Wednesday, October 10, 2012

Vatican II Turns Fifty – Part I: Catholic in an Age of Discontent

By Fr. Gordon J. MacRae at These Stone Walls

...Readers seemed to agree that the unrelenting hostility toward the Church and priests in some corners of our culture has roots in the 1960s and 1970s, and especially in the implementation of the decrees and documents of Vatican II.

Note the word “implementation.” Despite the dissent of extreme views, the problem has never been the Council itself but rather what happened in its wake. Like the rest of the Western world, Catholics became polarized between the views of the left and the views of the right. In politics, what was once a national divide has become a national abyss the likes of which have not been seen since the Civil War. What happened in the Church after Vatican II is a reflection of what happened at the very same time throughout our culture....

It was at the start of that very same decade of immense social change that Blessed Pope John XXIII convened the Second Vatican Council. The goal of the Council was not doctrinal, but pastoral. Its goal was “aggiornamento,” the renewal of pastoral practice that Pope John XXIII envisioned would help evangelize a world approaching the 21st Century. So far, much of the opposite has occurred in response, but the Holy Spirit hasn’t finished yet. The point I want to make is that Vatican II remains a work in progress. It now requires a counter-reform to respond to dissent with fidelity.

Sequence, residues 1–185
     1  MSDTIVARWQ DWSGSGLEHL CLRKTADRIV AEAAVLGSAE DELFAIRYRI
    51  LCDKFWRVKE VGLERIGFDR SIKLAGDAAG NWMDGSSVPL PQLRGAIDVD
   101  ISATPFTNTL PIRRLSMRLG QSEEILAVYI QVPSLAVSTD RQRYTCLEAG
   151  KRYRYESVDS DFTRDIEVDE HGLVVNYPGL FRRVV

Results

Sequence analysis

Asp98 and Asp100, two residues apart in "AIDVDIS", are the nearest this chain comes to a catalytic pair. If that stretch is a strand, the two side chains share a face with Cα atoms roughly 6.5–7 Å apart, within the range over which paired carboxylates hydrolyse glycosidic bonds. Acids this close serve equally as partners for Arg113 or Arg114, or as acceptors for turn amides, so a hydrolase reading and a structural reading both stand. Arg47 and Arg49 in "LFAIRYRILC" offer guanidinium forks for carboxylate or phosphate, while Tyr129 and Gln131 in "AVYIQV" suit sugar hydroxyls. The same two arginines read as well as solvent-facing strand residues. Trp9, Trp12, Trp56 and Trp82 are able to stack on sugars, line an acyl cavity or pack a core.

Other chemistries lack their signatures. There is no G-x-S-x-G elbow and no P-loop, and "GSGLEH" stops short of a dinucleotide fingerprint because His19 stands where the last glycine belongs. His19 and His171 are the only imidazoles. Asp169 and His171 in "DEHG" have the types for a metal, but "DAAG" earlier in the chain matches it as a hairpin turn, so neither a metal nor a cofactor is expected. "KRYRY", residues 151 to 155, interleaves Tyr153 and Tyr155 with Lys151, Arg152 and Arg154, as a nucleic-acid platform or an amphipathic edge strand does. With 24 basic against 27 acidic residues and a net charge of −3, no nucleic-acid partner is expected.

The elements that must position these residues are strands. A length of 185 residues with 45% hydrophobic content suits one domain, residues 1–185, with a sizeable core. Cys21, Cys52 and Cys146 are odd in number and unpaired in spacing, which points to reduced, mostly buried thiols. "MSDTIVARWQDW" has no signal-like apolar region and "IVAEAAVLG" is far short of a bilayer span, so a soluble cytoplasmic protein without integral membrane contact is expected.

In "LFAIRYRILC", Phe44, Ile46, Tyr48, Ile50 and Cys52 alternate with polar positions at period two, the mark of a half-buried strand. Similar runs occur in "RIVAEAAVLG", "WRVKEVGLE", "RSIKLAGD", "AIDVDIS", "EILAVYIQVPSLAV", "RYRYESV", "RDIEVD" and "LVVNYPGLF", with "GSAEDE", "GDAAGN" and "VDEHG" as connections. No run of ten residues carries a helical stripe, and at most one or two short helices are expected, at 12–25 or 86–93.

The problem for Catholics is not the legitimacy of Vatican II. Of course it was legitimate. As the late Notre Dame philosophy professor, Ralph McInerny described in What Went Wrong with Vatican II (Sophia Institute Press, 1998):
“That which makes Vatican II valid is what made Vatican I, the Council of Trent, and every other council valid. To accept one Council is to accept them all. To reject one Council is to reject them all. We cannot have pick and choose conciliarism . . . I take it as a necessary premise the fact that we are bound by the teachings of the Second Vatican Council.” (p. 15).
Dissenting views from both extremes of an ideological divide really seem to be a challenge not for the implementation of Vatican Council II, but for Vatican Council I and its definitions of authority in our Church – definitions of authority that were upheld clearly in the Documents of Vatican II. It comes down to whether our ideologies have become goals in and of themselves, and therefore obstacles to our acceptance of the authority of the Pope and Magisterium. If so, they are obstacles to grace... (continued)


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